Unsterilized, of course, and preferably direct from Africa, so that they can gape in wonder at the Greek water systems and rolling wheels, never having invented nor used any such things themselves, naturally, being the obvious low IQ, sexually ravenous "failed race" that they are.

ucsbcanuck's picture

Wow, just wow... you guys never fail to amaze me with the depths you can plumb

akak's picture

Wow, just wow --- the cluelessness of many of you guys, and your thick-headed inability to recognize satire and the tongue-in-cheek mocking of a previous poster's offensive statements, never fails to amaze me.

trav7777's picture were mocking me by making true statements?  GFD you are stupid.

akak's picture

Go help your "failed races", LOL.

ucsbcanuck's picture

Didn't realise it was sarcasm.

trav7777's picture

since you're on it, why didn't blacks have the wheel?  whitey stole it from them?

Matt's picture

If they switch to Drachmas at a value of around 10 drachmas to the dollar, and the prices are the same as here, but in Drachmas, I for one am totally going on vacation there. $10 hotel rooms, $2 meals, $0.50 for beer and wine ... that'd stimulate their economy a bit, I reckon. They won't be able to import anything, but that's better for trade deficits anyways.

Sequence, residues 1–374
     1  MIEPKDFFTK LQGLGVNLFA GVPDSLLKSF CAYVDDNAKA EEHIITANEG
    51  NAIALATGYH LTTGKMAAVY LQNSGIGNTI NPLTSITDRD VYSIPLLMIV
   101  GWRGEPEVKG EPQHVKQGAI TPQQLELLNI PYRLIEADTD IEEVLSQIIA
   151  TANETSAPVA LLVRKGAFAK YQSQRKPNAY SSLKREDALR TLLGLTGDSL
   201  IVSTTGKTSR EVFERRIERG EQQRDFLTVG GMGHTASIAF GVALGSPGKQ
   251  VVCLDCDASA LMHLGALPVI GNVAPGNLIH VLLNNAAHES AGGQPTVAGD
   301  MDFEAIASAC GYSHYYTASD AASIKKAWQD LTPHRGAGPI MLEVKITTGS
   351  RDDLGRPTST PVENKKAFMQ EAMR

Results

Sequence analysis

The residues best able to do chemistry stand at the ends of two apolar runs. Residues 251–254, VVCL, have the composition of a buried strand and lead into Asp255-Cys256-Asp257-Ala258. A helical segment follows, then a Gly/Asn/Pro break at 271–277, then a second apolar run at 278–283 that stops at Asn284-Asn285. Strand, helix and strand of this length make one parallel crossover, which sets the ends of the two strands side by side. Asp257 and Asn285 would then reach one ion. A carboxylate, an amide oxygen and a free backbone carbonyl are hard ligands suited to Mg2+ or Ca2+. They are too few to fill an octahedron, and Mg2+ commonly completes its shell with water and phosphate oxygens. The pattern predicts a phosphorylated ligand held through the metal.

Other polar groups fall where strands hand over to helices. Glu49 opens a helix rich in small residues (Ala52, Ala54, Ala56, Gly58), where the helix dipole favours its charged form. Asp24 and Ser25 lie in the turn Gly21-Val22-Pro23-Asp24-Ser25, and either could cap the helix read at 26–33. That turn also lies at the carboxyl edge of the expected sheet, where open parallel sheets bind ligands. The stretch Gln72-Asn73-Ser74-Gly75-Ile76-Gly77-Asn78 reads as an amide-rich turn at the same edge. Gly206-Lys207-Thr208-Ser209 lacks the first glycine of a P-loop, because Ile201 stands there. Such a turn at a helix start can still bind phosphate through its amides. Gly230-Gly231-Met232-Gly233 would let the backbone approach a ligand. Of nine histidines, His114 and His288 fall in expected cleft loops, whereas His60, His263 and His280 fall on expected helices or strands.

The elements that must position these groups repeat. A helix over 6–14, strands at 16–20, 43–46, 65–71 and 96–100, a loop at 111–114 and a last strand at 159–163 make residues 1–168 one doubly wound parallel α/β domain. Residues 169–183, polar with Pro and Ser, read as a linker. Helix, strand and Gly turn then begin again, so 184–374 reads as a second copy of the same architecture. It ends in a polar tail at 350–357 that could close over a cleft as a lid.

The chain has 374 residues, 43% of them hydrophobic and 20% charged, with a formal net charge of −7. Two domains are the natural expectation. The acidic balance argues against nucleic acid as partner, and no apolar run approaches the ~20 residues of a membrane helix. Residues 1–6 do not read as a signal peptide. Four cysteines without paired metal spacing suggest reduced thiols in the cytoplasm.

Cdad's picture

Market to surge on sovereign insolvency, default, and economic collapse, bitchez!

GeneMarchbanks's picture

Now you're starting to get it...


GeneMarchbanks's picture

I'd rather not.

Short at your own peril, I'm sure there are bail-outs for that depending on who you know.

loveyajimbo's picture

Why is anyone still dicking around with these lazy bums and banker crooks?  Simple, default, let the banker bond-holders take it Greek style and get it over with!


Did France surrender to Germany again yet??

cossack55's picture

Pending.  Still issuing rubber rifles (won't scratch when dropped).

crazyjsmith's picture

Yes! Trigger them fuckin' CDS's and let the fireworks begin.

Take that Globalist/Collectivist/Eugenic NWO pigs...I mean, technocrats.

bdc63's picture

there is absolutely zero chance of the CDS's being triggered.  the bankers will not let that happen.

crazyjsmith's picture

Well, ultimately that will be decided by the Greeks and not the Unelected
"Technocrats". And it now appears they have made up their mind.

Matt's picture

You obviously haven't been paying attention. The banks that sold the CDS are the ones who sit on the ISDA commitee and determine if something is a Credit Event or not.

So if your bank had to pay out $100 Trillion dollars if a Greek default is considered a credit event, would you vote yes, it is a credit event, or vote no, they voluntarily chose not to pay, so it is not an event?

Keep in mind, your bonus relies on a "no" vote. Your base pay is $100,000 and if you get the bonus, it is $10 million.